Association of air particulate pollution with bone loss over time and bone fracture risk: analysis of data from two independent studies
Background: Air particulate matter is a ubiquitous environmental exposure associated with oxidation, inflammation, and age-related chronic disease. Whether particulate matter is associated with loss of bone mineral density and risk of bone fractures is undetermined. We did two independent studies with complementary designs, objectives, and measures to determine the relationship between ambient concentrations of particulate matter and bone health.
Methods: In the first study, we examined the association of long-term concentrations of particulate matter less than 2·5 μm (PM2·5) and osteoporosis-related fracture hospital admissions among 9·2 million Medicare enrollees (aged ≥65 years) of the northeast-mid-Atlantic USA between January, 2003, and December, 2010. In the second study, we examined the association of long-term black carbon and PM2·5 concentrations with serum calcium homoeostasis biomarkers (parathyroid hormone, calcium, and 25-hydroxyvitamin [25(OH)D]) and annualised bone mineral density over 8 years (baseline, November, 2002–July, 2005; follow-up, June, 2010–October, 2012) of 692 middle-aged (46·7 years [SD12·3]), low-income men from the Boston Area Community Health/Bone Survey (BACH/Bone study) cohort. PM2·5 concentrations were estimated using spatiotemporal hybrid modelling including Aerosol Optical Depth data, spatial smoothing, and local predictors. Black carbon concentrations were estimated using spatiotemporal land-use regression models.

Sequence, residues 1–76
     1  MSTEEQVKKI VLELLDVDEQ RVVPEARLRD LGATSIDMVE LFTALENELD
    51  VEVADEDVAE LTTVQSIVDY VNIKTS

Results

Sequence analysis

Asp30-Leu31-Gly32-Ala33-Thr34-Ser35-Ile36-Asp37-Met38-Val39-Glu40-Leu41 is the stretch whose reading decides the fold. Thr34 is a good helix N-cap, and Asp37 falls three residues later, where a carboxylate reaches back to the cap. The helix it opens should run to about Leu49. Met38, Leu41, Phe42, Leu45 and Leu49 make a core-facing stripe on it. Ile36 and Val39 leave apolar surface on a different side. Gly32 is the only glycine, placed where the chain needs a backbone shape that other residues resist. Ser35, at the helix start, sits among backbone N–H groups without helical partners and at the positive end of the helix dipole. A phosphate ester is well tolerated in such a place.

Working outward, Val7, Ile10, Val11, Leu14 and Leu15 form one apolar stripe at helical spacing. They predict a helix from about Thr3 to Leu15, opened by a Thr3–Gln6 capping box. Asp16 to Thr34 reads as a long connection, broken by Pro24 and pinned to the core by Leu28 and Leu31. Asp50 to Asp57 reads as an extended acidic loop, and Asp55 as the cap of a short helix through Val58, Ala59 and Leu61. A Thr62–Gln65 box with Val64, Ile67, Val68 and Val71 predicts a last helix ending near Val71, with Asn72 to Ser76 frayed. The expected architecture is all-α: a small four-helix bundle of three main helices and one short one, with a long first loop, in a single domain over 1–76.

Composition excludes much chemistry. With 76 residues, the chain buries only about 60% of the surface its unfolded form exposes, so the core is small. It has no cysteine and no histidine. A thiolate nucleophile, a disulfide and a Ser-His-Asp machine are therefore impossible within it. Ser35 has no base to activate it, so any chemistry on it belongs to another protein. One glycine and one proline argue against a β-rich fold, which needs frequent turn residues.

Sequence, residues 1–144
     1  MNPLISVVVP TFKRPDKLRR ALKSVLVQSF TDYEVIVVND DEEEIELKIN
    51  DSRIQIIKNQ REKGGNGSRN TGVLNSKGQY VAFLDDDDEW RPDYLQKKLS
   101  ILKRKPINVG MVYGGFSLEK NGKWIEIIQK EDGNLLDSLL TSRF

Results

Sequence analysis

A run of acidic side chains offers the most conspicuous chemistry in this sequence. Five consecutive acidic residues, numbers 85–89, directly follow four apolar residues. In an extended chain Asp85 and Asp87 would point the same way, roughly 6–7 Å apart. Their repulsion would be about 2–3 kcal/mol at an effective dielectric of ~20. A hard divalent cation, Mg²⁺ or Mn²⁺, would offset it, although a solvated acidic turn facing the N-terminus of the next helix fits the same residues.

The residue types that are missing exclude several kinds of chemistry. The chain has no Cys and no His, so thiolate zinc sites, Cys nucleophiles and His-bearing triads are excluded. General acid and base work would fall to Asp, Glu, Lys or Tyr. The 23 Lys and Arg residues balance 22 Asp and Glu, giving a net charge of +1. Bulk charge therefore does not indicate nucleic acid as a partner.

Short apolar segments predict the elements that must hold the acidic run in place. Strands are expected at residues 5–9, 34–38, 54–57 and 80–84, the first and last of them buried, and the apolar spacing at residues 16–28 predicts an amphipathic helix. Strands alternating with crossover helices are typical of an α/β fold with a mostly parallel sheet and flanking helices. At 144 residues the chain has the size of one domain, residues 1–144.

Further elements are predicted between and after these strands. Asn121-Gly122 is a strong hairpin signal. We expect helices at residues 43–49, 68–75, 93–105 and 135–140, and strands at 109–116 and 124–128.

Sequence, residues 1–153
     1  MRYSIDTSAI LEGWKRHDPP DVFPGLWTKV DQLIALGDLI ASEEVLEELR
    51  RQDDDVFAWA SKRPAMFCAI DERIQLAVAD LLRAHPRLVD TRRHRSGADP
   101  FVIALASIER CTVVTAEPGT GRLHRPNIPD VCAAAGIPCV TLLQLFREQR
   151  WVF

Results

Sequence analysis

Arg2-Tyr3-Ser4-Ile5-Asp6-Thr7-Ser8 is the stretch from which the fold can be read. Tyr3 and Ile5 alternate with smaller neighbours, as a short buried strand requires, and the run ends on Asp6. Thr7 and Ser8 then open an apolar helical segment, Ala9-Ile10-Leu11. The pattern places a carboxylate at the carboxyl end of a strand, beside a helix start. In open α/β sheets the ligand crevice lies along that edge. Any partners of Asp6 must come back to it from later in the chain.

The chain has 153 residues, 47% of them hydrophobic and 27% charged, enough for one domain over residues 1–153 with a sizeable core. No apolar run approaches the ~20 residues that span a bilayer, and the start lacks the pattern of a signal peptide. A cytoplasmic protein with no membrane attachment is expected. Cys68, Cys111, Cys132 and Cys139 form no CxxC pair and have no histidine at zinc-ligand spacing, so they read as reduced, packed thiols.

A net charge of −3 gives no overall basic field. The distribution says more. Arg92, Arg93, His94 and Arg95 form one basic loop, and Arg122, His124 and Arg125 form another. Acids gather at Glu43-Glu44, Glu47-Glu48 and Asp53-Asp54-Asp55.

Findings: In the Medicare analysis, risk of bone fracture admissions at osteoporosis-related sites was greater in areas with higher PM2·5 concentrations (risk ratio [RR] 1·041, 95% CI 1·030 to 1·051). This risk was particularly high among low-income communities (RR 1·076, 95% CI 1·052 to 1·100). In the longitudinal BACH/Bone study, baseline black carbon and PM2·5 concentrations were associated with lower serum parathyroid hormone (β=–1·16, 95% CI −1·93 to −0·38, p=0·004, for 1 IQR increase [0·106 μg/m3] in the 1-year average of black carbon concentrations; β=–7·39, 95% CI −14·17 to −0·61, p=0·03, for 1 IQR increase [2·18 μg/m3] in the 1-year average of PM2·5 concentrations). Black carbon concentration was associated with higher bone mineral density loss over time at multiple anatomical sites, including femoral neck (−0·08% per year for 1 IQR increase, 95% CI −0·14 to −0·02) and ultradistal radius (−0·06% per year for 1 IQR increase, −0·12 to −0·01). Black carbon and PM2·5 concentrations were not associated with serum calcium or serum 25(OH)D concentrations.
Interpretation: Our results suggest that poor air quality is a modifiable risk factor for bone fractures and osteoporosis, especially in low-income communities.
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Also Published In
- The Lancet: Planetary Health
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- Academic Units
- Environmental Health Sciences
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- November 20, 2017